Another nutrient pomegranate can offer your cat is potassium. Potassium is essential to cellular and electrical functions in your pet’s body as it carries electric charges to several areas, including the muscles and heart. There are also lots of fat-soluble vitamins in pomegranates. These aid in blood coagulation, which is important if your cat gets an injury that bleeds. Without vitamin K, said injury might not stop bleeding. This vitamin also helps with bone growth.

Finally, there’s a ton of fiber in pomegranate that benefits your cat by improving the health of their gut and helping with digestion. Cats in the wild usually get fiber from their prey’s fur, but since your cat probably doesn’t get a lot of that (unless they’re a mouser!), adding some fiber to your pet’s diet can be beneficial.

Is Pomegranate Unhealthy for Cats?

Pomegranate is only unhealthy for your cat in a couple of ways – one being the potential for too much vitamin C mentioned previously. Other than that, the unhealthy aspects of pomegranate for your cat boils down to mostly sugar and the seeds.

Too much sugar in your cat’s diet is bad for them (just as it would be for you) and can lead to diabetes. Pomegranate may not be the most sugary fruit out there, but it does have enough for you to be careful in giving it to your pet.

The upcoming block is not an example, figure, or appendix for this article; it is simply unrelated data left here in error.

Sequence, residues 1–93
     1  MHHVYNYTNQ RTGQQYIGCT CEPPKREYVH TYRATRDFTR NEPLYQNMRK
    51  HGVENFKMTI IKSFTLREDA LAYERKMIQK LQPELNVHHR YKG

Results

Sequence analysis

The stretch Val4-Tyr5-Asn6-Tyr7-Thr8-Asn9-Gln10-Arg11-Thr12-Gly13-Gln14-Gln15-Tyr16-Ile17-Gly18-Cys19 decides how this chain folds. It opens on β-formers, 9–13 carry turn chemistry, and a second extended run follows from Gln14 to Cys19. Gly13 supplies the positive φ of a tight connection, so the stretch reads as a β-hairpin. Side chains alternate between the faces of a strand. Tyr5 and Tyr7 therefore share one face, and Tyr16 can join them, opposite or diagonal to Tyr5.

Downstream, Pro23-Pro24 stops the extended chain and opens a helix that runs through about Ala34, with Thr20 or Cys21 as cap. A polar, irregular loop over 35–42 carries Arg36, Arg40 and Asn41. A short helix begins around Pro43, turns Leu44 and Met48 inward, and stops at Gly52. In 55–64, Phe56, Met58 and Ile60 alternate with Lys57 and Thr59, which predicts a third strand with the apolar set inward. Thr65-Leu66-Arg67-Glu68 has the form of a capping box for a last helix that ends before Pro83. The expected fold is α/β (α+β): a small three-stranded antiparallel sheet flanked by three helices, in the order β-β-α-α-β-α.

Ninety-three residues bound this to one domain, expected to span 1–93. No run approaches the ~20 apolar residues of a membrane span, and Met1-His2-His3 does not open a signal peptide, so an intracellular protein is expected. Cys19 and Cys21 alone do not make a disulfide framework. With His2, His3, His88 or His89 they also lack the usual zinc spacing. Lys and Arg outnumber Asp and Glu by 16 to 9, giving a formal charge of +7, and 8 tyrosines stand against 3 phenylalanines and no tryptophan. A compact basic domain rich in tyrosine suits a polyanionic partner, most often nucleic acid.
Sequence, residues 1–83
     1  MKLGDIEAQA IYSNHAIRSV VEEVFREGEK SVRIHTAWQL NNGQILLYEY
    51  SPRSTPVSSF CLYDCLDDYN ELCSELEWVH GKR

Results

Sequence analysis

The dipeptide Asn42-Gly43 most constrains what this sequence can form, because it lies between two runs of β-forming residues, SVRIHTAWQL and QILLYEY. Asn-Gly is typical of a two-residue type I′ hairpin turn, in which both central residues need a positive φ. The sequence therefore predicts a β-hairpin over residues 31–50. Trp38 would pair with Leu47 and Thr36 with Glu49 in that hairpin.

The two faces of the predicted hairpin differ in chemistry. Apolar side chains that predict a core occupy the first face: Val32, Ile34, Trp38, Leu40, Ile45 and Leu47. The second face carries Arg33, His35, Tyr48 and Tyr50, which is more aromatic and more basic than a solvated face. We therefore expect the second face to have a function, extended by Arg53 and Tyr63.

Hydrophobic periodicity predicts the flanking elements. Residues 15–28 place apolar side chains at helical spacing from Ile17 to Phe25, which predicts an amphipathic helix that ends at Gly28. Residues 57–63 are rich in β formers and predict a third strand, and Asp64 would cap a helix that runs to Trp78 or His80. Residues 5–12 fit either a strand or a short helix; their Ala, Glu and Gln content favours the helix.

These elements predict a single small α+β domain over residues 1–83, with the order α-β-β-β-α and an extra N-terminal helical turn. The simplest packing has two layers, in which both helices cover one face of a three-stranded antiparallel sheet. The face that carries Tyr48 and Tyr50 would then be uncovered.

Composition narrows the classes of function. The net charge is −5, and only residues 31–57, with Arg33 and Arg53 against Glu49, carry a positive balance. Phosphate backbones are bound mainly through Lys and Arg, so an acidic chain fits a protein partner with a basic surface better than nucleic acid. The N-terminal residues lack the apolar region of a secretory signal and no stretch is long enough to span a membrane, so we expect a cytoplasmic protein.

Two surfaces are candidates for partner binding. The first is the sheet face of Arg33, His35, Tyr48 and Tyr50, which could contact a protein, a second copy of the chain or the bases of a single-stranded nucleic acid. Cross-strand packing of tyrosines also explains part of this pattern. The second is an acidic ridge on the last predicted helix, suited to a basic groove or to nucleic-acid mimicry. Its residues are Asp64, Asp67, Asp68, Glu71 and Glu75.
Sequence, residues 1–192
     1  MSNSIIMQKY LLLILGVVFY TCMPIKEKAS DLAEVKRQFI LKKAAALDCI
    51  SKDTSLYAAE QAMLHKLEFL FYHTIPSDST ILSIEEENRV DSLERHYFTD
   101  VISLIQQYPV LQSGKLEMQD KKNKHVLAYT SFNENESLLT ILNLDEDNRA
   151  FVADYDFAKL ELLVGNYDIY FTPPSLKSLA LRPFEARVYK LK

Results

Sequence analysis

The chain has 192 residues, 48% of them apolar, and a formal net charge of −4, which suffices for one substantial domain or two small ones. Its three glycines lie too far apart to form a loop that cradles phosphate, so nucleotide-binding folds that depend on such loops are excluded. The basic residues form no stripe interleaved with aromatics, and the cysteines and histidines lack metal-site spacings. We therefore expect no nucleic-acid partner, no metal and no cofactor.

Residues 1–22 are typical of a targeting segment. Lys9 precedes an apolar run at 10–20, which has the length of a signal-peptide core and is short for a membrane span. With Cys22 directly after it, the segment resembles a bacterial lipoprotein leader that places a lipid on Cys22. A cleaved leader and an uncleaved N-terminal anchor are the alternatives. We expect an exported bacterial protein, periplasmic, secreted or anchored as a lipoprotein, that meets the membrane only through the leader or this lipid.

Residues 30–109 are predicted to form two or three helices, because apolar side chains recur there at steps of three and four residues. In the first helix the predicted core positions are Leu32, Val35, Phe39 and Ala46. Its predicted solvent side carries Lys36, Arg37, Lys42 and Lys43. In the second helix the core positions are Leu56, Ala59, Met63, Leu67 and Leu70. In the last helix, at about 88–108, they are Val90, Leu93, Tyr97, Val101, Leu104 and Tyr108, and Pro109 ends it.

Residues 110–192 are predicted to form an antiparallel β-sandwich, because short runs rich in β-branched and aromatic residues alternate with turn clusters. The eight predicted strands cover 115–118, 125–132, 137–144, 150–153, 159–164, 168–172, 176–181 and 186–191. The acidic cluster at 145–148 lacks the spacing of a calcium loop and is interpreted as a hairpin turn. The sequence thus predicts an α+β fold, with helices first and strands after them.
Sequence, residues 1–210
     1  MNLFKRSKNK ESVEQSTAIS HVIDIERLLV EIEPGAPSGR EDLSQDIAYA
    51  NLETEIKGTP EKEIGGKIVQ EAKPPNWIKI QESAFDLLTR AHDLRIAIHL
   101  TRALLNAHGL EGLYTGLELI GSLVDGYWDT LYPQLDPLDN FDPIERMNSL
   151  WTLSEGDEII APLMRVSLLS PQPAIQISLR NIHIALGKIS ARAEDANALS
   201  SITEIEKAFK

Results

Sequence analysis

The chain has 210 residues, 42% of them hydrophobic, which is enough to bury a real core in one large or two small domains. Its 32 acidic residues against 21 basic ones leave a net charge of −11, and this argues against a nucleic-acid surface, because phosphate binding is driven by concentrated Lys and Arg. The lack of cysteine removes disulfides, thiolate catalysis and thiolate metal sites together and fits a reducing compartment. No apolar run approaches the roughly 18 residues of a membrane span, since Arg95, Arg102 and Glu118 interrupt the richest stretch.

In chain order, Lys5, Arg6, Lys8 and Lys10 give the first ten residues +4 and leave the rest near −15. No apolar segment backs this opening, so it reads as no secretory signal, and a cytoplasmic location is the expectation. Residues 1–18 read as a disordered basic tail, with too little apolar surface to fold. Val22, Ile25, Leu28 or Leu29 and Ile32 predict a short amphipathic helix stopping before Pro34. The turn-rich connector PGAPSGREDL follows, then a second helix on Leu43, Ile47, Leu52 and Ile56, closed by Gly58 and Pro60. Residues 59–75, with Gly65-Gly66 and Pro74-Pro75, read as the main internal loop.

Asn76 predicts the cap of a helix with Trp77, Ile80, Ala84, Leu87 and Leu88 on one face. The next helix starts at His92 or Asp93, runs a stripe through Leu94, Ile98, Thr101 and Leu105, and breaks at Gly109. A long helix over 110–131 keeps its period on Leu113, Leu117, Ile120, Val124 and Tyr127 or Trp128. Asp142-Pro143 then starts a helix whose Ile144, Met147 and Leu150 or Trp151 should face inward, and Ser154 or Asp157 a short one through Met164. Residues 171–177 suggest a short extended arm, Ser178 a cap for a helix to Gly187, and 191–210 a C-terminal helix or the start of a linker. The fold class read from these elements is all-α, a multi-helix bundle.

Pomegranate seeds can also be unhealthy for your cat. The unhealthy part doesn’t lay in the seeds themselves—it’s okay for your pet to eat them—but in the choking hazard they present. There’s also the risk of your cat eating too many seeds. Your best bet is either just to get rid of the seeds before giving any pomegranate to your cat or crush them up so they’re safer. But if you decide to let them eat the seeds, make sure it’s only a couple and that you’re in the room with them to watch for any potential choking.

You should also know that too much of any kind of fruit may cause gastrointestinal issues in kitties. If you want to give your cat pomegranate, start in very small amounts, then work your way up to slightly larger portions so you can see how they react.

Pomegranate
Image Credit: Pixabay

Do Cats Need Fruit in Their Diet?

No, cats don’t need fruit in their diets. In fact, most cats aren’t big fans of fruit, likely because they can’t taste sweetness. Cats are obligate carnivores. This means their bodies are designed to thrive off the consumption of meat and can become unhealthy without it. That doesn’t mean that you can’t feed them the occasional bite of a safe-for-them fruit, but it’s not a necessity.

divider-catclaw1 Conclusion

Cats can eat pomegranate, though only in tiny amounts and not very often. However, chances are your cat might not be a fan since cats aren’t necessarily big on fruit in general. Though, if you want to try convincing your favorite feline to enjoy it as a treat, this fruit can offer them some nutritional value. Just remember to always start your pet on any new food with just a smidge to see how their body reacts; you can always give them a bit more later if they like it and don’t experience any stomach upset or other adverse effects.